Mobile broadband holds great promise for rural connectivity, but is it enough?

Mobile broadband holds great promise for rural connectivity, but is it enough?

Brandie M. Nonnecke is the Working Group Chair for the SF-Bay ISOC’s Working Group on Internet Governance. She is a postdoc at CITRIS and the Banatao Institute at UC Berkeley. Here she writes an opinion post on the risks of lowering the barriers on quality of service in rural areas, and highlights feasible strategies for quality digital inclusion. 

Broadband access is vital to our society and economy—creating and strengthening socioeconomic inclusion locally, regionally, and globally. For the 34 million Americans who do not have have access to high-speed broadband, their ability to fully engage in the 21st century digital economy is stifled, perpetuating socioeconomic divides.

This is especially true in rural America where 39 percent of the population lacks access. For many rural Americans, low-quality mobile broadband is their only option and a recent move by the FCC suggests it will remain this way.  

Risks of Lowering Speed Benchmarks

The FCC is proposing to reduce download speed benchmarks from 10 Mbps to 5 Mbps to determine subsidy eligibility through its Mobility Fund II, a universal service fund of $4.53 billion set aside to support rural mobile broadband development for a term of ten years. This speed reduction comes in response to a petition submitted on behalf of T-Mobile, which cited evidence that provision of 10 Mbps is not consistently achievable in urban settings by the four major national wireless carriers (AT&T, Sprint, T-Mobile, and Verizon Wireless) and inferred that requiring carriers to do so in rural settings, which face greater technological challenges, is unrealistic.

While lowering the speed benchmark has the potential to encourage carriers to invest in under- and unserved areas, the question remains whether 5 Mbps—a speed barely capable of supporting streaming video service—is sufficient to constitute meaningful connectivity for rural communities. Policy changes like these reveal an assumption that any connectivity, even low-quality connectivity, will benefit rural communities. Yet, to borrow parlance from the private sector itself—quality matters.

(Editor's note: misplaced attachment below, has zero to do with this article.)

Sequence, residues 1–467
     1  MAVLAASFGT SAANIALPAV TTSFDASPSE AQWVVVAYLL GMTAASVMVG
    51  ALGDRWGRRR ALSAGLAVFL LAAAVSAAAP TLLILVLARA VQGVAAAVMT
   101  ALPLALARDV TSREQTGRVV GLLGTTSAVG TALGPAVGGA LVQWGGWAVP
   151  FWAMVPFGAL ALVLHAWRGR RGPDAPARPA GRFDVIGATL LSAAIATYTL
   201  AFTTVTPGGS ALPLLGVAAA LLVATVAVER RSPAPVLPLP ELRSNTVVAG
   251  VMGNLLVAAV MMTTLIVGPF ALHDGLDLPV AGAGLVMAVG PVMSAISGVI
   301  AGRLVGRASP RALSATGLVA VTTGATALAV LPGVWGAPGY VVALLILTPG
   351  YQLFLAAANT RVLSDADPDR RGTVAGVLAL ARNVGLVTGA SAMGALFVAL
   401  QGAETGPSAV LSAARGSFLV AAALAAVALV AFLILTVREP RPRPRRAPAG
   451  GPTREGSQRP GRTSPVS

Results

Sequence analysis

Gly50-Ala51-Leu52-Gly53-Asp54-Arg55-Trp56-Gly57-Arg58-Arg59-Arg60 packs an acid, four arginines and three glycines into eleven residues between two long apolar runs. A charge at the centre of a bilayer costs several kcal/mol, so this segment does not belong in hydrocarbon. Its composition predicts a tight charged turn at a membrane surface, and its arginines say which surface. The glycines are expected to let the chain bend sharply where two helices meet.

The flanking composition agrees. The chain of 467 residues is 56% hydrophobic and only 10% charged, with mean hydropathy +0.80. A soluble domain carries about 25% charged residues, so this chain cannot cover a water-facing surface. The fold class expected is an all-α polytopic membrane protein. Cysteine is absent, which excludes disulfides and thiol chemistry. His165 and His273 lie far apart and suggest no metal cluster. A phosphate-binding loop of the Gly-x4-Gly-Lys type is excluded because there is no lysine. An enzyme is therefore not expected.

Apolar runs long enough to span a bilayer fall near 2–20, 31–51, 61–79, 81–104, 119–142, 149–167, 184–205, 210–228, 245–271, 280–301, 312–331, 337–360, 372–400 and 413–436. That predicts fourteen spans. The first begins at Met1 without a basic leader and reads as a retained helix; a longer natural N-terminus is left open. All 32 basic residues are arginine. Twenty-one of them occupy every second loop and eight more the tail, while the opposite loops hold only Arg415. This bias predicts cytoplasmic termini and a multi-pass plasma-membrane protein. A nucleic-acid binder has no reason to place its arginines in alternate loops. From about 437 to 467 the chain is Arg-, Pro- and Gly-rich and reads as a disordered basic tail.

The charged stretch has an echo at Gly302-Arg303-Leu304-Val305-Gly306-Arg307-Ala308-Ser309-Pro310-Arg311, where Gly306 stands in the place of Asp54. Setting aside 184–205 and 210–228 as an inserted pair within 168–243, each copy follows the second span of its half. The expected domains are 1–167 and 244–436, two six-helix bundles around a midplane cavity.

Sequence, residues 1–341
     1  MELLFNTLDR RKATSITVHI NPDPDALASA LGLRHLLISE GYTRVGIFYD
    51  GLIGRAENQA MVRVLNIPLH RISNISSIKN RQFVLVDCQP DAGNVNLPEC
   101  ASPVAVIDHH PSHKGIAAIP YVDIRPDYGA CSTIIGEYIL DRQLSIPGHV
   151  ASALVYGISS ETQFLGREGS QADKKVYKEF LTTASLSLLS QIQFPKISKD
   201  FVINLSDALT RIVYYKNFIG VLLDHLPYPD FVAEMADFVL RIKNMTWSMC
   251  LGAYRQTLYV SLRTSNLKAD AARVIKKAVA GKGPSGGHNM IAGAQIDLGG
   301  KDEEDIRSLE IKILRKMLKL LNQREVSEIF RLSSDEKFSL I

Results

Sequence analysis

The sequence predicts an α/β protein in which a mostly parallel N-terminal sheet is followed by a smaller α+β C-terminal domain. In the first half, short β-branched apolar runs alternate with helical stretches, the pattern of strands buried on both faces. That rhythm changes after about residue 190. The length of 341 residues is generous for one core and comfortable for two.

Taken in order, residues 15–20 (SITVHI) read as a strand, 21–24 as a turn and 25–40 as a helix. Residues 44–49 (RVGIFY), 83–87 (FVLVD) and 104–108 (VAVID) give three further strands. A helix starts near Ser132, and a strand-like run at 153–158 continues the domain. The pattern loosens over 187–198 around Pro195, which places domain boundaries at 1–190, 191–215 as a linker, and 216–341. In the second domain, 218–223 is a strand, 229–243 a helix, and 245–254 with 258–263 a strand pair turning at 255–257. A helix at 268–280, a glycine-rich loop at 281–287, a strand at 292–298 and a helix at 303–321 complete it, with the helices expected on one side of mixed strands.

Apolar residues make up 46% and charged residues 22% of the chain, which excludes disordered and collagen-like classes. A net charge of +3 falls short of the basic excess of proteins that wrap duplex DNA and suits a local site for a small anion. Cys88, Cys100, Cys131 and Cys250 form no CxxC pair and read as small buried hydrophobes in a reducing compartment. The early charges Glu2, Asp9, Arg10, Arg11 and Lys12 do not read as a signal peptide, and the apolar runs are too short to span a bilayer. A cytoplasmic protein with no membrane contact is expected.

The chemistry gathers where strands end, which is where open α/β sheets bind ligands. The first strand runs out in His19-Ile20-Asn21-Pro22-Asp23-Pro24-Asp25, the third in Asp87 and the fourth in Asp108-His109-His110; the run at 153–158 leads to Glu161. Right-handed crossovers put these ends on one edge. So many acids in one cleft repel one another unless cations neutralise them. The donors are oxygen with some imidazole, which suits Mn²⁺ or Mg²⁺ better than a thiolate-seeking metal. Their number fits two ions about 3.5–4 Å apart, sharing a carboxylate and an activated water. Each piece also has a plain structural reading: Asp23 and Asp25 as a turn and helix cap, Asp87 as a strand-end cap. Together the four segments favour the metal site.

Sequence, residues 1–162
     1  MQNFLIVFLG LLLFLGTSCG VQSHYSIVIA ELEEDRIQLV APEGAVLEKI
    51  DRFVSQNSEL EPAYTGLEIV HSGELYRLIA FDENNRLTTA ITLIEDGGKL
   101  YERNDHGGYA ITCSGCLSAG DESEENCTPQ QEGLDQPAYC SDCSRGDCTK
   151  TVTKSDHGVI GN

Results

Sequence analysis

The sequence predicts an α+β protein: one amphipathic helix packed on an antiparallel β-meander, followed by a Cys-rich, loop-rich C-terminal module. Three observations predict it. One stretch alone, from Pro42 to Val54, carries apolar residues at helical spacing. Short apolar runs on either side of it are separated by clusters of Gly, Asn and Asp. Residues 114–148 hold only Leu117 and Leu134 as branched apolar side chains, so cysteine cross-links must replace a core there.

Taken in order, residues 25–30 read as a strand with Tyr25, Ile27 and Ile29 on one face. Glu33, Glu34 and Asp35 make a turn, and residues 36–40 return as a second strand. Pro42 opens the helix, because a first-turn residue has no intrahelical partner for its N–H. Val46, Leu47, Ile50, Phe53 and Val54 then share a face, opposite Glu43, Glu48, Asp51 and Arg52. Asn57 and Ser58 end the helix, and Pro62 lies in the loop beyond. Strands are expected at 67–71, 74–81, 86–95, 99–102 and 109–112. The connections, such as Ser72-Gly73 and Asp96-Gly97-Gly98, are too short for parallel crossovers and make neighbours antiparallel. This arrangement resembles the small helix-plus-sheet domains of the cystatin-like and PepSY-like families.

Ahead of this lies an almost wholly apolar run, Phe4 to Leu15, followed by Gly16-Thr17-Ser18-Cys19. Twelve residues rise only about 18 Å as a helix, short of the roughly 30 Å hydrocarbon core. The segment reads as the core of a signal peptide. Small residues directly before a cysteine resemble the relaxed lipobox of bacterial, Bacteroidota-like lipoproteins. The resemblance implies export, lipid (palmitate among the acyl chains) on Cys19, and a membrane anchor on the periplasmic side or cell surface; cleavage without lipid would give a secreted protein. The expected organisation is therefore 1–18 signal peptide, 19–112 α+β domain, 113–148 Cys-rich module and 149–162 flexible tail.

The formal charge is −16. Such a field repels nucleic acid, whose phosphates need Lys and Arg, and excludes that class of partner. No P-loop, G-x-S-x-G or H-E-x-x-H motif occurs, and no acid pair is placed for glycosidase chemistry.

High-speed internet access is a driver of opportunity, enabling critical social and economic inclusion. Speed targets of 5 Mbps limit opportunities for rural populations to take advantage of socio-economic levers like telework, telemedicine, and online education. Mobile broadband offers great promise; yet it should not be thought of as a substitute to fixed broadband but rather its complement.

“Consumers who are mobile only often find themselves in such a position, not by choice but because they cannot afford a fixed connection. Today, mobile and fixed broadband are complements, not substitutes.” Commissioner Mignon L. Clyburn, FCC

New Strategies for Inclusive Broadband Growth

Advancements in fifth-generation wireless networks (5G) and the reallocation of the 600 MHz range of underused spectrum between TV broadcasts, known as Super WiFi for its ability to traverse wide distances and natural and manmade obstacles, hold great promise for the provision of mobile broadband at significantly faster speeds than currently available.

New strategies like Microsoft’s Rural AirBand Initiative are encouraging. By tapping into the 600 MHz range of underused spectrum, Microsoft estimates that it can provide mobile broadband at speeds greater than 10 Mbps to approximately 2 million people by 2022. The initiative also intends to support diverse internet access strategies, including public-private partnerships and creation of open access technologies capable of operating on the 600MHz band.

Federal initiatives like the Mobility Fund II should continue in this vein by supporting public-private partnerships and open access connectivity strategies; streamlining access to infrastructure and right of way; and reallocating, lending, leasing, and loaning spectrum. For much of rural America, mobile broadband is a promising step in enabling greater inclusion in the digital economy. But policies that prioritize incumbents and provision of low-quality mobile broadband in rural areas risk further widening the digital divide.

Recommended Reading:

  • For an engaging discussion on barriers and opportunities for creating inclusive internet rollout and adoption strategies, check out the 2017 IGF-USA panel chaired by Brandie “Promoting a more Inclusive Internet” at
  • Signs of digital distress: Mapping broadband availability and subscription in American neighborhoods by The Brookings Institute


Disclosure: Brandie Nonnecke has received funding support from Microsoft for her research while at UC Berkeley.


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